What a load of ballots!

21st July 2014

The TUC on Friday issued a press release in support of the demand for secure electronic voting in strike ballots.

Swansea Socialist Party discussed how to take forward the campaign to halt the continuing decline of our pay, following the J10 strike,last week. This idea of electronic voting as a means of boosting turnout in strike ballots came up in the discussion.

While everybody agreed that different means to boosting participation in strike ballots should be explored this would still not address the main problem trade union activists have with the way strike votes are conducted. Workers would still vote in isolation on whether or not to take collective action.

While the numbers voting might increase, unless a way is found to link a change in voting system to encouraging more union members to take an active part in the debate on action, through workplace meetings, etc then the increase in union democracy would be minimal.

The TUC's suggestion is driven by the Con-Dems' public proposals to introduce qualifying thresholds for participation in strike ballots. Labour has yet to formally make public it's position but Miliband has hinted at considering similar ideas in the past.

Labour's refusal to stand with low-paid trade unionists on J10 - they dithered, before coming out with a position of 'we neither condemn nor support' - coupled with the failure of the last government, despite a Labour majority for 13 years, to repeal any of the anti-union laws, means it wouldn't be much of a surprise if Labour win the election and we still get Tory ballot thresholds. After all, if Labour win, we'll still get Tory cuts!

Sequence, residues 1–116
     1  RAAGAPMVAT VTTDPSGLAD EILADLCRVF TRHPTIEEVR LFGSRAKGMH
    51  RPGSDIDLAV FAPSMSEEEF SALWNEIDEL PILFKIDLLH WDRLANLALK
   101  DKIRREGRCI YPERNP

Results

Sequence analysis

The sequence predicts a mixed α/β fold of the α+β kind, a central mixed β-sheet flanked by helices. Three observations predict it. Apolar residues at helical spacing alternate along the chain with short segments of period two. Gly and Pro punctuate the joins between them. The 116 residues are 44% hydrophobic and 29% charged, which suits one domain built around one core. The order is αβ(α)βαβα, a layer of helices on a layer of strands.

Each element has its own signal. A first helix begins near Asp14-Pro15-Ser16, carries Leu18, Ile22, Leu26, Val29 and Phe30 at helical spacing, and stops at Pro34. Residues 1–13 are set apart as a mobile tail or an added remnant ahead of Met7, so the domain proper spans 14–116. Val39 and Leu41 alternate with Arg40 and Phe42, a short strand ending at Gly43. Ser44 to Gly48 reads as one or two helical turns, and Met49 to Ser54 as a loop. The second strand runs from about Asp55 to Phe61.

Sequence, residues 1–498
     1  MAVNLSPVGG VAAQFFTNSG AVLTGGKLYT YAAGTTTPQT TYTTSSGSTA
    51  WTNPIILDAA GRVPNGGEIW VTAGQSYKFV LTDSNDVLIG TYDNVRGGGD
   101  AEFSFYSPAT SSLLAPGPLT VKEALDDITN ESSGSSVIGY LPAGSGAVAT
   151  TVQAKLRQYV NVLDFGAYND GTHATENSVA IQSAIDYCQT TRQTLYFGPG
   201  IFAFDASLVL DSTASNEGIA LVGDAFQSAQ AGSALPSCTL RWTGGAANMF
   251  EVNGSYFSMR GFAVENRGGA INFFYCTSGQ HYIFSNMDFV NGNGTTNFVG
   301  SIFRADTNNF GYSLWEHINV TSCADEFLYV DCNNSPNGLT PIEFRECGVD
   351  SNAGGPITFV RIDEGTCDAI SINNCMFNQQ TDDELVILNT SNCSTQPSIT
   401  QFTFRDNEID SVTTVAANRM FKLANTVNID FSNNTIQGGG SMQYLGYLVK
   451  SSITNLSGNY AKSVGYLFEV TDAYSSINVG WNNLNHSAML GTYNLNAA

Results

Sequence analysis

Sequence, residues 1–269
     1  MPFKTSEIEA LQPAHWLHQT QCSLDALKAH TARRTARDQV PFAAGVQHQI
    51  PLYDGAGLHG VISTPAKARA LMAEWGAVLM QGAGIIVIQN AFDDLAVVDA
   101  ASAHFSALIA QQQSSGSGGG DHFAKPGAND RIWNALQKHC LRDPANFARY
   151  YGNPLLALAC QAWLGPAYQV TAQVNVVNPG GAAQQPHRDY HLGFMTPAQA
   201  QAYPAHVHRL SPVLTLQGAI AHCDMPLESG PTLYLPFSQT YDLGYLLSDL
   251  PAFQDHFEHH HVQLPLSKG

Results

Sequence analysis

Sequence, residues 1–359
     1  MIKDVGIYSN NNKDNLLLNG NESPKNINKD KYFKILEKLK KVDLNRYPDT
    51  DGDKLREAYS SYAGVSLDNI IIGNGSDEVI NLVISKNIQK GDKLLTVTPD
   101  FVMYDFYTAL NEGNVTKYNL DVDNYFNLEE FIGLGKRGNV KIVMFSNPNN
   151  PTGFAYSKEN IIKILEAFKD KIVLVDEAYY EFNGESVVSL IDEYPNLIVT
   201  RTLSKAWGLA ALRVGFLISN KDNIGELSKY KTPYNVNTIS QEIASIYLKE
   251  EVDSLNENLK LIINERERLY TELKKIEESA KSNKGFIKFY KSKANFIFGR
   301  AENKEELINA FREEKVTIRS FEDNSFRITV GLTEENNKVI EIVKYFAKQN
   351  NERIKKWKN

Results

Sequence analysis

Strike ballots compare favourably in terms of participation and majorities with the numbers voting for councillors who are carrying out millions of pounds worth of cuts to services and who are responsible for the attacks on pay that many of the J10 strikers were protesting.

But the best answer to attacks on the legitimacy of the J10 ballots is the numbers of union members who confirmed the the ballot result by taking part in the strike action. No politician can even dream of ever getting a majority anywhere near the percentages of union members who sacrificed a day's pay in taking strike action.

If the next government, whether it's Tory, Labour or some combination of either with the Lib Dems, does bring in strike ballot thresholds, it may be a two-edged sword for them as trade unionists will not be prepared to be shackled in the face of continued attacks on our living standards. Brian Caton, the former POA General Secretary, pointed out at NSSN Conference, that the outlawing of strikes by prison officers by the last Labour Government hasn't stopped the POA from taking effective action and in some ways, has liberated them from having to get round all the procedural obstacles placed in the way of striking.

In ten months' time Labour politicians will be asking for trade unionists' votes and support despite their failure to support us on J10 or any other action we've taken against low pay and cuts. The only candidates that will unequivocally back trade unionists' struggles, fight to defeat attacks on trade unionists and support making anti-trade union laws unworkable will be TUSC ones.

Ronnie Job
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